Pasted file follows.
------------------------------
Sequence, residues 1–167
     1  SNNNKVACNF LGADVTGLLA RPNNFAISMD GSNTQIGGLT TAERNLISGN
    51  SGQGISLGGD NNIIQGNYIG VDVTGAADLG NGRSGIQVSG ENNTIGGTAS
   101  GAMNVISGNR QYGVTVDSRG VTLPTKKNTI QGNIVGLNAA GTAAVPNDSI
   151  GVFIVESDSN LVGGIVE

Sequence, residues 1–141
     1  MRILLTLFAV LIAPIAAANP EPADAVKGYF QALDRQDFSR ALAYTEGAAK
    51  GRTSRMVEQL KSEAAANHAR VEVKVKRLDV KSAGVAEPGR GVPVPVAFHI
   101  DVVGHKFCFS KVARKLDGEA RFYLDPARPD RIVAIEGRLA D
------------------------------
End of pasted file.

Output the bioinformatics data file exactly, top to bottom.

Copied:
Sequence, residues 1–167
     1  SNNNKVACNF LGADVTGLLA RPNNFAISMD GSNTQIGGLT TAERNLISGN
    51  SGQGISLGGD NNIIQGNYIG VDVTGAADLG NGRSGIQVSG ENNTIGGTAS
   101  GAMNVISGNR QYGVTVDSRG VTLPTKKNTI QGNIVGLNAA GTAAVPNDSI
   151  GVFIVESDSN LVGGIVE

Sequence, residues 1–141
     1  MRILLTLFAV LIAPIAAANP EPADAVKGYF QALDRQDFSR ALAYTEGAAK
    51  GRTSRMVEQL KSEAAANHAR VEVKVKRLDV KSAGVAEPGR GVPVPVAFHI
   101  DVVGHKFCFS KVARKLDGEA RFYLDPARPD RIVAIEGRLA D